Are we our brother's keeper? What's our responsibility to those who are less fortunate? Should the rich befriend the poor? These questions, and wonderful music filled the minds of the audience of Lazarus the Musical, which was performed Saturday, May 31st at Howard University's Cramton Auditorium.
The musical, written in 1986 by Rev. Joel Underwood (Rev. Underwood wrote the musical when he was the director of church relations for the charity Bread for the World), is a retelling of the parable of the Rich Man and Lazarus from the Bible (Luke16:19-31). Through song, the musical tells the story of the Rich Man (tradition names him Dives), his trust in uncertain riches and neglect of the poor, including Lazarus. Lazarus dies and ascends to Heaven and the Rich Man dies, winds up in Hades, and begs for a drop of water to "cool my tongue; for I am in agony in these flames."
The one-night only performance marked the 40th anniversary of the charity and the retirement of one of the show's producers, Bishop Don diXon Williams after 26 years of service. Co-producer Dr. Bill Cummings, a musical director and the show's co-producer, re-arranged the show's music last year to make it more contemporary.
The lyrical narration of the show was handled by crowd favorite Leslie Tay. Tay's moving renditions of "The Ballad of Lazarus" set the tone for what we know will be the Rich Man's somber end.
The Chorus, including powerful-voiced sisters Comelita and Keta Payton provided the inspirational backbone for the show.
"Let Us Give Thanks" shows the Rich Man's (strongly portrayed by Christopher Akinbuwa) and family at their hypocritical worst, to the beat of a 1950s tune, no less. The Rich Man aka Dives and family (played by Soni Oberleas, Reggie McKinney, T. Sturdivant, Sheila Ritter, Maryre Harris-Ferguson and Sonya Springfield ) also did a great job with "Purple and Fine Linen", a song with a Motown-ish flair.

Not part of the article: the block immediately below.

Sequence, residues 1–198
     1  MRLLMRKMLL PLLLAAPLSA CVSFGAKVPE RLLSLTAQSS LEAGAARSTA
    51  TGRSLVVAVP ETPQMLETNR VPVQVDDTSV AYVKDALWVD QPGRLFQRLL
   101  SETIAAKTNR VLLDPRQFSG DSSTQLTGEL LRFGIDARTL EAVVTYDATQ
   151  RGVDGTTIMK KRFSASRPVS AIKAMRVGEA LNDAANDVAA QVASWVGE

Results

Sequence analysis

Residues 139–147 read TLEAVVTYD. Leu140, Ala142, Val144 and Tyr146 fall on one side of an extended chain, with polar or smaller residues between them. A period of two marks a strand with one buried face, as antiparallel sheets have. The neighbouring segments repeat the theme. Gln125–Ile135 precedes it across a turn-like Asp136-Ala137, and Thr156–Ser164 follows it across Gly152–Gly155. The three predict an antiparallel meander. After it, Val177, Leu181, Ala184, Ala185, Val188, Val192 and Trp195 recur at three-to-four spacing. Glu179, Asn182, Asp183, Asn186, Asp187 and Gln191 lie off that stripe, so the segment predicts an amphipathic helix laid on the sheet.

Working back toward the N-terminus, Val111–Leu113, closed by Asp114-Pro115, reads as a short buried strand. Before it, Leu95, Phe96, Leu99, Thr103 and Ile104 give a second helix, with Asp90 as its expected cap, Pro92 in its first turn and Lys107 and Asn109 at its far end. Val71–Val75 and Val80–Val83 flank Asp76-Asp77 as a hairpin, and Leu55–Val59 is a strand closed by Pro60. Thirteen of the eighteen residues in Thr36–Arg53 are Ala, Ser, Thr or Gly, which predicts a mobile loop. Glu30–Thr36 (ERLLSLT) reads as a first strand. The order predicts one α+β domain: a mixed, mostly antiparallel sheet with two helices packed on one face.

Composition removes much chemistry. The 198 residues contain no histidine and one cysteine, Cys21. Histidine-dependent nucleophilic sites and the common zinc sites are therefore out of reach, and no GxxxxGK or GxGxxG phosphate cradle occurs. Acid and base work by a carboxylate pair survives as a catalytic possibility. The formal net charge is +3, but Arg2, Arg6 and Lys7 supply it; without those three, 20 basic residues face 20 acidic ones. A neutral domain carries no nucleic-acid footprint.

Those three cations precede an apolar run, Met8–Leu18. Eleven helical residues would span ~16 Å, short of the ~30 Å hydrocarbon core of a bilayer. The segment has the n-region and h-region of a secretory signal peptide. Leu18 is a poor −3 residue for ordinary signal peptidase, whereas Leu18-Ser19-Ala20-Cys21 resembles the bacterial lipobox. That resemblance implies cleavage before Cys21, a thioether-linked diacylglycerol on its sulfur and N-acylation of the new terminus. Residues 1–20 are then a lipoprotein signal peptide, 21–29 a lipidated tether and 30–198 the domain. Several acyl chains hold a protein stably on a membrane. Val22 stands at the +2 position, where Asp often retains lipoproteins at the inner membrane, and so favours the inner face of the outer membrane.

The Poor Boy (Niles Gunning) and his Mother's (Valerie Brown) rendition of "Mama, I'm Hungry" painted a heart-wrenching picture of the poor's plight. The show made good use of talented child actors like Chinara and Brionna Payton, Shay Graves, and Blue Woods who played homeless children.
Silver-haired diva extraordinaire Janette Smith (Chief Mourner and Choir Member) mesmerized the audience with her inspirational rendition of "Crumbs From Your Table" to close out the first act. Any audience member who remained seated and unmoved during Smith's solo must have been auditioning to play the dear-departed Lazarus!
"I Am Lazarus", sang by Bruce Ellis' Poor Man, Poor Woman, Poor Children and Company was powerful, as was the Fiddler On the Roof flavored "Are You the Boy?", sang by the Rich Man and his Disciples. "I am Lazarus", sang by the entire cast, and some audience members, served as a fitting end to the show.
Kudos to Cummings and Williams for their producing and to Felicia Kessel Crawley, Assistant Director and the Female Lazarus for putting on a show that serves as a triumphant cautionary tale for us all!